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Publication numberUS20100064035 A1
Publication typeApplication
Application numberUS 12/207,318
Publication dateMar 11, 2010
Filing dateSep 9, 2008
Priority dateSep 9, 2008
Also published asCN102150134A, CN102150134B, EP2335151A1, US8055739, US8316115, US20120079083, WO2010028868A1
Publication number12207318, 207318, US 2010/0064035 A1, US 2010/064035 A1, US 20100064035 A1, US 20100064035A1, US 2010064035 A1, US 2010064035A1, US-A1-20100064035, US-A1-2010064035, US2010/0064035A1, US2010/064035A1, US20100064035 A1, US20100064035A1, US2010064035 A1, US2010064035A1
InventorsSalvatore Branca, Paolo Cavazza, Scot MacLellan
Original AssigneeInternational Business Machines Corporation
Export CitationBiBTeX, EndNote, RefMan
External Links: USPTO, USPTO Assignment, Espacenet
Method and system for sharing performance data between different information technology product/solution deployments
US 20100064035 A1
Abstract
A method and system for dynamically sharing performance information among multiple computing nodes. One implementation involves dynamically obtaining performance information from deployments of an information technology (IT) product/solution at said computing nodes, and transmitting the obtained performance information to a server over a communication network for storing the obtained performance information in a knowledge database. The server operates to dynamically determine new configuration information based on the information in the database, store the new configuration in the database, and provide the new configuration information to said deployments by transmitting the new configuration information over the network.
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Claims(20)
1. A method for dynamically sharing performance information among multiple computing nodes, comprising:
dynamically obtaining performance information from deployments of an information technology (IT) product/solution at said computing nodes;
transmitting the obtained performance information to a server over a communication network for storing the obtained performance information in a knowledge database; and
at the server, dynamically determining new configuration information based on the information in the database, storing the new configuration in the database, and dynamically providing the new configuration information to said deployments by transmitting the new configuration information over the network.
2. The method of claim 1 wherein the performance information at each deployment includes current configuration information at that deployment and determining new configuration information further includes determining new configuration information based on the configuration information in the database.
3. The method of claim 1 wherein the performance information includes current configuration parameter information for hardware and software configuration at each deployment based on configuration policies of the deployment, and determining new configuration information further includes determining optimal configuration based on the information in the database.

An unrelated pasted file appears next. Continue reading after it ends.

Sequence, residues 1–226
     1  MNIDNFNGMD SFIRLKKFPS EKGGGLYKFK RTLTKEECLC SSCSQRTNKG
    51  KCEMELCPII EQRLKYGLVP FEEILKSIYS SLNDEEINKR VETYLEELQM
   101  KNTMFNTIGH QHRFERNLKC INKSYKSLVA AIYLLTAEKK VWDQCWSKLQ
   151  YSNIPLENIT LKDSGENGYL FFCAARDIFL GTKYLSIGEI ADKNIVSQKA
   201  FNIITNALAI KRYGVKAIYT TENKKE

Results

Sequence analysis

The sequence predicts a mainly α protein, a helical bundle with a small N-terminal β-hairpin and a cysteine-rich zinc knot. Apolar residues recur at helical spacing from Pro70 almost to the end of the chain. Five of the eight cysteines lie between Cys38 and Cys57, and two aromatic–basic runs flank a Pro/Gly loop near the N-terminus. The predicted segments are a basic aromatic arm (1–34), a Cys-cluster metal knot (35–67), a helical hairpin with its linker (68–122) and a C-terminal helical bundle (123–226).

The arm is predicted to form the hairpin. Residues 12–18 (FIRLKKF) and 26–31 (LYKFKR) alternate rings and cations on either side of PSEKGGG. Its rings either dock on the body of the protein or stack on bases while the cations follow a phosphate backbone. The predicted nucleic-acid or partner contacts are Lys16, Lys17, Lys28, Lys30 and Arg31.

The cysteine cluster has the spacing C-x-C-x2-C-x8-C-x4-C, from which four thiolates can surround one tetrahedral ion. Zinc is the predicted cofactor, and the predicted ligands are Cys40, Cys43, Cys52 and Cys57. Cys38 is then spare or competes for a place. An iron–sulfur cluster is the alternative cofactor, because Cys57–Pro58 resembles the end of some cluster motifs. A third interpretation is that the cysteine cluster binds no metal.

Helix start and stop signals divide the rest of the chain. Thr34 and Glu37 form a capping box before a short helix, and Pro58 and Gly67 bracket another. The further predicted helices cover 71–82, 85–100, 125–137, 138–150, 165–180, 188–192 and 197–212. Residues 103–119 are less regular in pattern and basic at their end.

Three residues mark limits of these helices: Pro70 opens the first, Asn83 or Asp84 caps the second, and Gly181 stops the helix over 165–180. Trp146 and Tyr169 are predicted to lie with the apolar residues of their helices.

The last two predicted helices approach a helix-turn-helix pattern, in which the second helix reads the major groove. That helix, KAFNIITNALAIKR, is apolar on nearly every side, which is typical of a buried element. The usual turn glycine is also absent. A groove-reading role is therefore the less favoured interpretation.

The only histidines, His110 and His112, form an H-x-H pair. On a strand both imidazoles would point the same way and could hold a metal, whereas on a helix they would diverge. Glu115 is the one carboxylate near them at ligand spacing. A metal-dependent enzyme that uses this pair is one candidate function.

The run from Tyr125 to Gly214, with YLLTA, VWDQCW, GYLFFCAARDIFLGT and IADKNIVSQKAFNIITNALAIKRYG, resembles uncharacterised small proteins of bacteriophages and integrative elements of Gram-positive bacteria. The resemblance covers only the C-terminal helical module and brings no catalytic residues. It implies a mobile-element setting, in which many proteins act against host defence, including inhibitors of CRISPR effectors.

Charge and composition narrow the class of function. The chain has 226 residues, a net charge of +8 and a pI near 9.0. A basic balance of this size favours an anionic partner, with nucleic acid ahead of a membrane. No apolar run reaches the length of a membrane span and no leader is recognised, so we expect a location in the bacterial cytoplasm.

4. The method of claim 3 wherein determining optimal configuration information for a deployment further includes:
based on the information obtained from that deployment:
assigning a deployment type to the deployment based on the obtained parameter information from the deployment, wherein the deployment type is a function of the characteristics of the computing environment of the deployment;
if an optimal configuration exists in the database for that deployment type, then providing the existing optimal configuration for that deployment type.
5. The method of claim 4 further including:
if an optimal configuration does not exist in the database for that deployment type, then: determining an optimal configuration for the deployment based on the configuration information in the database for that deployment type, storing the optimal configuration for the deployment in the database, and providing the optimal configuration for the deployment.
6. The method of claim 1 further including applying the new configuration information at a deployment based on configuration policies at the deployment.
7. The method of claim 1 further including a deployment requesting new configuration information, such that providing new configuration information includes providing the new configuration information to the requesting deployment.
8. A system for dynamically sharing performance information among multiple computing nodes, comprising:
one or more client modules, and a server module;
each client module configured for operating at a deployment of an information technology (IT) product/solution at a computing node, each client module further configured for dynamically obtaining performance information from the corresponding deployment and transmitting the obtained performance information to a server over a communication network;
the server module configured for storing the obtained performance information in a knowledge database, dynamically determining new configuration information based on the information in the database, and storing the new configuration in the database, and providing the new configuration information to each deployment client module by transmitting the new configuration information over the network.